Supernus Pharma to Buy Biscayne Neurotherapeutics in Potential $183 Million Deal
Supernus focuses on developing and commercializing therapies for central nervous system diseases. Biscayne Neurotherapeutics is working to develop a therapy for epilepsy. As part of the deal, Supernus will pick up worldwide rights, except in certain Asian markets, to Biscayne’s Phase I product candidate for Draven Syndrome, a severe type of childhood epilepsy.
Supernus will pay Biscayne $15 million upfront. There is another $73 million in development milestones possible, and up to $95 million in potential sales milestones. In addition, Biscayne is eligible for low single-digit royalties.
“Supernus, with its strong presence in epilepsy and its proven technologies and research and development capabilities, represents an ideal partner for us,” said Stephen Collins, president and chief executive officer of Biscayne, in a statement. “Huperzine A has a novel mechanism of action that represents a new approach for the treatment of epilepsy. We look forward to working with Supernus and progressing SPN-817 in the clinic, and eventually to its availability to patients.”
The compound, a synthetic form of huperzine A, will be named SPN-817. It is an acetylcholinesterase inhibitor. Supernus said it has a novel mechanism of action for an anticonvulsant, and further development will focus on that activity for partial seizures and Dravet Syndrome. The drug increases cortical acetylcholine and easily crosses the blood-brain barrier. This results in an increase in gamma-aminobutyric acid (GABA), which inhibits seizures.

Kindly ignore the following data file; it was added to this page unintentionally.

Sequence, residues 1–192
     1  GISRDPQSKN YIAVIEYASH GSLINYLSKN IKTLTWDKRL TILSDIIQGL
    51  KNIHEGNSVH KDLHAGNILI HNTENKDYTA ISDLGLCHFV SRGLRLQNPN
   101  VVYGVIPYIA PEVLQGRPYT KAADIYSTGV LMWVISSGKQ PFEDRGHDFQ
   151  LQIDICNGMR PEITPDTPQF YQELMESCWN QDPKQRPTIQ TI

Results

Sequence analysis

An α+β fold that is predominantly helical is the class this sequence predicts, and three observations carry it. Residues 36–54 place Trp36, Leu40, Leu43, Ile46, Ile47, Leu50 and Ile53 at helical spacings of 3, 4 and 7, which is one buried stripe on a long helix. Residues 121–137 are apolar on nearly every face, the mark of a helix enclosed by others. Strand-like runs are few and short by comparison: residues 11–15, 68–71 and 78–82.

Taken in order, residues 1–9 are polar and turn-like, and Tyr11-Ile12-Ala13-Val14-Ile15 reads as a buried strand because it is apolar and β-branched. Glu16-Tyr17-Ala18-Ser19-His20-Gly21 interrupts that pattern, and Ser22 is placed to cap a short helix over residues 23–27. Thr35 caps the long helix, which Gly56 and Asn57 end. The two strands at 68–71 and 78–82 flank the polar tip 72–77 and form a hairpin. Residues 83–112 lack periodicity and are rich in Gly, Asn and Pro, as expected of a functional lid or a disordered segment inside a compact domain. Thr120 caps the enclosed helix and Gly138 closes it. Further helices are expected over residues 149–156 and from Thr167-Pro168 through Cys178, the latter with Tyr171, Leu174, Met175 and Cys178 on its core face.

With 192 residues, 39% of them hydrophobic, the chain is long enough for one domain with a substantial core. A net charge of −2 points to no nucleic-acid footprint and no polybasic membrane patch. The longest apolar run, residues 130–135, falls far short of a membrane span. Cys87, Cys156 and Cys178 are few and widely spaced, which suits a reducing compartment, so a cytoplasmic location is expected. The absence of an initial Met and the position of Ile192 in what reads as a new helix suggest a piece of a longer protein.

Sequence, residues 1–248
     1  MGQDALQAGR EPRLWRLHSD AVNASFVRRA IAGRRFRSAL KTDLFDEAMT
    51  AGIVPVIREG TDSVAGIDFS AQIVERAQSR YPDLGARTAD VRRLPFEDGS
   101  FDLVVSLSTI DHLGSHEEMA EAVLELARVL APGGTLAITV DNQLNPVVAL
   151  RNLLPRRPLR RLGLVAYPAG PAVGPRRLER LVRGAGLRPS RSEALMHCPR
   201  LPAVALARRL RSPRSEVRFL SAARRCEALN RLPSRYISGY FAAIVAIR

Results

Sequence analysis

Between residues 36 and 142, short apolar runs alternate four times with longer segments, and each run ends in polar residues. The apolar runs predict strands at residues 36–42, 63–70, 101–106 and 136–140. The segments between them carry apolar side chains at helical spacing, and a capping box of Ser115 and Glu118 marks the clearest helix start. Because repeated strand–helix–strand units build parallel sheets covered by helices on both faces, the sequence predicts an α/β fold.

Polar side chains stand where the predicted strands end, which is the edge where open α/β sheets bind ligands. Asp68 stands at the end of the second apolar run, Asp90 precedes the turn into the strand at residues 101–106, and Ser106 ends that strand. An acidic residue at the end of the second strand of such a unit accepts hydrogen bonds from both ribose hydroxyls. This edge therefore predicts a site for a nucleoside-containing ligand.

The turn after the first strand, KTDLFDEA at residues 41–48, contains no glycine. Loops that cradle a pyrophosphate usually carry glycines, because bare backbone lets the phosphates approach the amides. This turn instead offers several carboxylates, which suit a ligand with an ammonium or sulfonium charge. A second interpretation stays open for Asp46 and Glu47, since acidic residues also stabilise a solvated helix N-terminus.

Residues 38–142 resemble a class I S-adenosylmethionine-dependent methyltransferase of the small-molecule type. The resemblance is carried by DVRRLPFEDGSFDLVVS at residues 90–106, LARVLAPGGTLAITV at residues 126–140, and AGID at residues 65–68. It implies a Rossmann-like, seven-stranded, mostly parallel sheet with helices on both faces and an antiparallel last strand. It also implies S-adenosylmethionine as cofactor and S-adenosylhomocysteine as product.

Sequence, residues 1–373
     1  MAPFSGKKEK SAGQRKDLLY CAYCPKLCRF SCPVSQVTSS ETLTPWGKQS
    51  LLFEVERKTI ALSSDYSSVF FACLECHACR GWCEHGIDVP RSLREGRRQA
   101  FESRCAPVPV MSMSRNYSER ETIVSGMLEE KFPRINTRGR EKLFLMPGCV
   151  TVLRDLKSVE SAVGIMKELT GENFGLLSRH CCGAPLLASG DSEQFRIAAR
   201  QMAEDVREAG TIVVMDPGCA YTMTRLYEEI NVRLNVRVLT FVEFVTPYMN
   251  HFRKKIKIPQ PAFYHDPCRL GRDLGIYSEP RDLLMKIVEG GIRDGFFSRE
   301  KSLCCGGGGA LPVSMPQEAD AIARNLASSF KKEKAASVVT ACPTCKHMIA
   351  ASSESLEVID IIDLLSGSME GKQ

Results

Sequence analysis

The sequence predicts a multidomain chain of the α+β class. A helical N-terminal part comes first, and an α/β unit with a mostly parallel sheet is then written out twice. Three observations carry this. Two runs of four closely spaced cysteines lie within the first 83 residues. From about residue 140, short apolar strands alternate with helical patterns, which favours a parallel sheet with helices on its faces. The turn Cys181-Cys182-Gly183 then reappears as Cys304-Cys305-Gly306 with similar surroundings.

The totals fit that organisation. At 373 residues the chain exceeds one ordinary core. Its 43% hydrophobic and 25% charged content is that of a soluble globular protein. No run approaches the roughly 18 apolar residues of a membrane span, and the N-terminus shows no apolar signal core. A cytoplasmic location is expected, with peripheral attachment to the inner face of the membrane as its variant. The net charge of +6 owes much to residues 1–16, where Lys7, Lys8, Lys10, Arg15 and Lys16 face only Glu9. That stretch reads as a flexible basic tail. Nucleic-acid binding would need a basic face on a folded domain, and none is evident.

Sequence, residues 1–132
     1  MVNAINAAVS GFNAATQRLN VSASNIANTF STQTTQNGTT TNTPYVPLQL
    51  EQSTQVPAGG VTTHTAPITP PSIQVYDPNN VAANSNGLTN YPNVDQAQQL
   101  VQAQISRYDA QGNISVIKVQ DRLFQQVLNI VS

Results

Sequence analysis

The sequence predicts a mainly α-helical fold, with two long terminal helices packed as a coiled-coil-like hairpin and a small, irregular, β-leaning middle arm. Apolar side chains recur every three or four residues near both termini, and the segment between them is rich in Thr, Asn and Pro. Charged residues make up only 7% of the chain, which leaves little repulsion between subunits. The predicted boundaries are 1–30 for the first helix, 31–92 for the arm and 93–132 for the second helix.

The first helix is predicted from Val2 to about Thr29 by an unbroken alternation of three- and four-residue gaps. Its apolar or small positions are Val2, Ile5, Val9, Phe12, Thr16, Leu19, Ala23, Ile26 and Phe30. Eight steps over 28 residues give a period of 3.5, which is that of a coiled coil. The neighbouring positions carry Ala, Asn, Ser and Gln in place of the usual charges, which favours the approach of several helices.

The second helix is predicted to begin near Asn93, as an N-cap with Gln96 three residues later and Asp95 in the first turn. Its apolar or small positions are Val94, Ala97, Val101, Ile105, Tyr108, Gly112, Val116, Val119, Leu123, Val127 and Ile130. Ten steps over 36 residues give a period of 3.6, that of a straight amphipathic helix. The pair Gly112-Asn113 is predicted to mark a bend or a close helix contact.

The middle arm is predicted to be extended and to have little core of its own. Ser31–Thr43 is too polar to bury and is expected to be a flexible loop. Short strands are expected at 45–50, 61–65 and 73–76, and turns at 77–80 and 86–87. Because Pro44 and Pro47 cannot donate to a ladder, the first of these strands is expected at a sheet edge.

The company states, “In a predictive preclinical seizure model, huperzine A demonstrated 57 times more potency than levetiracetam, a leading anti-epilepsy drug.”
As part of the deal, Supernus updated its previous guidance for research and development expenses and operating earnings, primarily adding the upfront $15 million expense. Otherwise, everything stayed the same. It projected net product sales from $385 million to $400 million, and R&D expenses of $95 million, compared to the earlier figure of $80 million. Operating earnings were changed to $115 million to $125 million compared to earlier projections of $130 million to $140 million.
Biscayne Neurotherapeutics spun out of Biscayne Pharma less than two years ago with $3 million in funding.
The newly joined companies will have some competition. GW Pharmaceuticals had its Epidiolex (cannabidiol) approved by the U.S. Food and Drug Administration (FDA) in June for seizures associated with Lennox-Gastaut syndrome (LGS) or Dravet syndrome in patients two years of age or older. Epidiolex is a formulation of highly-purified, plant-derived cannabidiol (CBD).
Zogenix released data from its Phase II trial of ZX008 to treat Lennox-Gastaut Syndrome on September 4. The drug is also being evaluated for Dravet Syndrome. On August 30, it updated findings from multiple studies on Dravet syndrome.
However, Supernus has experience in the epilepsy market with Oxtellar XR and Trokendi. It also has programs in ADHD, bipolar disorder, and depression.
“We are excited to add SPN-817 to our portfolio as part of our long-term growth strategy,” said Jack Khattar, president and chief executive officer of Supernus, in a statement. “It represents a strong strategic fit with Oxtellar XR and Trokendi XR in neurology. We are committed to epilepsy patients and to bringing to them novel alternative treatment options.”